Re: Reassessing our practices

Marcy Bauman (marcyb@UMD.UMICH.EDU)
Mon, 12 Feb 1996 15:49:32 -0500

On Mon, 12 Feb 1996, Michael Hamende wrote:

> But isn't the "essay" the rhetoric device by which knowledge gets
> forwarded in the academy? Don't those at the top of the chain, use it
> to make their reputations? Earn their bucks? Get tenure? Get to the
> top?
> And then isn't it the thinking of those thinkers at the top (research)
> that business uses to develop the capital to control the system and
> retain the factory model?
> So isn't the device useful to whomever might apply it? In whatever
> context they choose? If its good enough for [insert your favorite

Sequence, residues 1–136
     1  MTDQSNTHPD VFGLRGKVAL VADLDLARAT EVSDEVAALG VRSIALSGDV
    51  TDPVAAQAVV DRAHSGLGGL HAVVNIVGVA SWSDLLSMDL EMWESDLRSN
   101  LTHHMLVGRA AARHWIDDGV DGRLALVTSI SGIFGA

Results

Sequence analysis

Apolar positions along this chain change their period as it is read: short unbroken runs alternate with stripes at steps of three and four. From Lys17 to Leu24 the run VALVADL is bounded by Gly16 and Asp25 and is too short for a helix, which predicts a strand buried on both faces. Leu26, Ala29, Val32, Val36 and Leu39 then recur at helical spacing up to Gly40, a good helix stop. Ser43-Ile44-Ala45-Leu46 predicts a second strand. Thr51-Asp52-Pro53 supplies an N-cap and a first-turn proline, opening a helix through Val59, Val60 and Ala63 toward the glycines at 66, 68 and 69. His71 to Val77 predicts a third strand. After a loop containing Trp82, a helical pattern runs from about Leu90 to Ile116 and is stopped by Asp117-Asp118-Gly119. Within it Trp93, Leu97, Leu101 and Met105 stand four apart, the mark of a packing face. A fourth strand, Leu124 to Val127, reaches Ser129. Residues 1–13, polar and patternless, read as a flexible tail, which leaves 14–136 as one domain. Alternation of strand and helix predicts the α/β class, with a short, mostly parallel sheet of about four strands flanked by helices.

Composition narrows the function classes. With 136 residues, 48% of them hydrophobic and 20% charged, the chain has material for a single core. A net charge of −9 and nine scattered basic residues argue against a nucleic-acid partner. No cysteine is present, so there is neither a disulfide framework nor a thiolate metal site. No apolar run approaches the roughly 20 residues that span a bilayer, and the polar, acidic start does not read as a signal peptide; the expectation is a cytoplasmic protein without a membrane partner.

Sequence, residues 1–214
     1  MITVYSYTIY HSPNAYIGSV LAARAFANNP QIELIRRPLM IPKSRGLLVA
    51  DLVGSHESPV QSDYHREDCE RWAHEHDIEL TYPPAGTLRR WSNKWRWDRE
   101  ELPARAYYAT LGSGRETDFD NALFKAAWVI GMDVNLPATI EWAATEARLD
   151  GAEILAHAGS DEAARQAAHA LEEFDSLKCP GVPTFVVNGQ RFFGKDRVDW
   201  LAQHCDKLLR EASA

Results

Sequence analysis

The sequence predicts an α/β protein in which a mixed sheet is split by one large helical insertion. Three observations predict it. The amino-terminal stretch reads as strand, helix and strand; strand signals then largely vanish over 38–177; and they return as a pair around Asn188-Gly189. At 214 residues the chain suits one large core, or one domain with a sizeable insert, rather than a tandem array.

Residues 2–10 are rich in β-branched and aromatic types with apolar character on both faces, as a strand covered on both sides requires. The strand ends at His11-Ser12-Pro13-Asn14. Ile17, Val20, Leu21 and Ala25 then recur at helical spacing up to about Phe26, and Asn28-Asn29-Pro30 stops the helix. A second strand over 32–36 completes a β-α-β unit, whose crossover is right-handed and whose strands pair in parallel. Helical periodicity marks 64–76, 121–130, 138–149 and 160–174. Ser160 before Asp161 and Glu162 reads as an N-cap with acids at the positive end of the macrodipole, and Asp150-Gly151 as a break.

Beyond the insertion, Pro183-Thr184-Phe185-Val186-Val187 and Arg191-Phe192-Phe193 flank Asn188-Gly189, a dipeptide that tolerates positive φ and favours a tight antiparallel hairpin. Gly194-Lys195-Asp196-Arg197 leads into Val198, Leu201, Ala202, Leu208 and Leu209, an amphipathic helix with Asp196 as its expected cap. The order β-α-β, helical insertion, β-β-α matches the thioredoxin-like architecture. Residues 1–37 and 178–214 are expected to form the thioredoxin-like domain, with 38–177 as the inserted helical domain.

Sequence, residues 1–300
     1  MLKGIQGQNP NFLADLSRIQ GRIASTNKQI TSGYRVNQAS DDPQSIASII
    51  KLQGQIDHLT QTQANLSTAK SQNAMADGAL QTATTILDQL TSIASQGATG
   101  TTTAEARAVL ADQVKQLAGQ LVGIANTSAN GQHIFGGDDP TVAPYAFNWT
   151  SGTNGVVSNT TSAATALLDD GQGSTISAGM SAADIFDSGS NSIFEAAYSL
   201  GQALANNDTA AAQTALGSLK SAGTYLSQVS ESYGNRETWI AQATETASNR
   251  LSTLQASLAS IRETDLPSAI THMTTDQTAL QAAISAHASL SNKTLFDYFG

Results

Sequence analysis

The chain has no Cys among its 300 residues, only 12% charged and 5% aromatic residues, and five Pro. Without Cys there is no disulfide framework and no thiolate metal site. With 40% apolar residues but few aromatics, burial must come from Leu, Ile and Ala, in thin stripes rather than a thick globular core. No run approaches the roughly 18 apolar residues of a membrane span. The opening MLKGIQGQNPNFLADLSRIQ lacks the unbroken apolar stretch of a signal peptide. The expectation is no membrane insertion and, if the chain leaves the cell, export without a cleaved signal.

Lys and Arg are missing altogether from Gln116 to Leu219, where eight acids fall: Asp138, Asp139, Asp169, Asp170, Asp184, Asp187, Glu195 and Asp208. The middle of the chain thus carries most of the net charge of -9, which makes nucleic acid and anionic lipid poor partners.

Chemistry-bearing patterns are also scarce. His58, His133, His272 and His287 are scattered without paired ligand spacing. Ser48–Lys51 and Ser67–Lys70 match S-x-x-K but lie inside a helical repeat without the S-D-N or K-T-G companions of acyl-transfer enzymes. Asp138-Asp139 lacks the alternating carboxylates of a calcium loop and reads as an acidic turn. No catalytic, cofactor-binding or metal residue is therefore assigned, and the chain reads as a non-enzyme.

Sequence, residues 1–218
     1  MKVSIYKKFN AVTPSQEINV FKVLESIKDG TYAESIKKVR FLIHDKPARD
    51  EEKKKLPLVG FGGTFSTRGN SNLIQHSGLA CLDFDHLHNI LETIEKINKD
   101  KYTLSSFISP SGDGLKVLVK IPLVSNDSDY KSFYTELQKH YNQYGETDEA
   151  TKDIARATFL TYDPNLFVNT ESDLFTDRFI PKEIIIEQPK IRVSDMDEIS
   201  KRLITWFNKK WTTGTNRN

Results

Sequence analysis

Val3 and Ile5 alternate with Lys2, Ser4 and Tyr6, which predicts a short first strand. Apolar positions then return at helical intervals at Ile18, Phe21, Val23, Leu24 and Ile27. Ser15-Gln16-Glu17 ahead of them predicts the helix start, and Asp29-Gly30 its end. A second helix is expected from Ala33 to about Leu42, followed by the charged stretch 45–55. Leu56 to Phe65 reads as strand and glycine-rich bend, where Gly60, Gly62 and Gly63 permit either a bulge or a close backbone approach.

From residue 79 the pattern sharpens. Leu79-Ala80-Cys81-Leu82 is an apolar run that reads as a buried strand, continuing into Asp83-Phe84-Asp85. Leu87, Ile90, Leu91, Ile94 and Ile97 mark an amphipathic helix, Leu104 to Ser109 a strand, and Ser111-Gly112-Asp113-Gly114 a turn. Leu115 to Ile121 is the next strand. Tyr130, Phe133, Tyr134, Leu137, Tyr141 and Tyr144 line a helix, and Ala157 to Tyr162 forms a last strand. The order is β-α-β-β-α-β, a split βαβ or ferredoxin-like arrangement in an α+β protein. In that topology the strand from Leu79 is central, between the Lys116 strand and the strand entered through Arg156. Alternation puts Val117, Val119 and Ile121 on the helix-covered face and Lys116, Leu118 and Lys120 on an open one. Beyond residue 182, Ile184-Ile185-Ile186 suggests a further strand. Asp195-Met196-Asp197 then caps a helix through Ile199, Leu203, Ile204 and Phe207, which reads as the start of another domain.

> theorist here], isn't it valuable enough for the freshperson? And
> important enough for us to teach?

I'd say that the problem isn't so much with the essay itself, but
with the contexts in which it is taught. I don't agree that essays are
by nature monologic; I do think, though, that when they are held up as
Examples, when they are not chosen by students because the students care
to read them for their own purposes, and when the writing of them results
in a pile of papers that go to the teacher's desk and nowhere else, they
are _treated_ as if they were monologic.

We could do the same thing to e-mail if we made everybody write
only to the teacher, who never answered but only graded the posts.


Marcy Bauman
Writing Program
University of Michigan-Dearborn
4901 Evergreen Rd.
Dearborn, MI 48128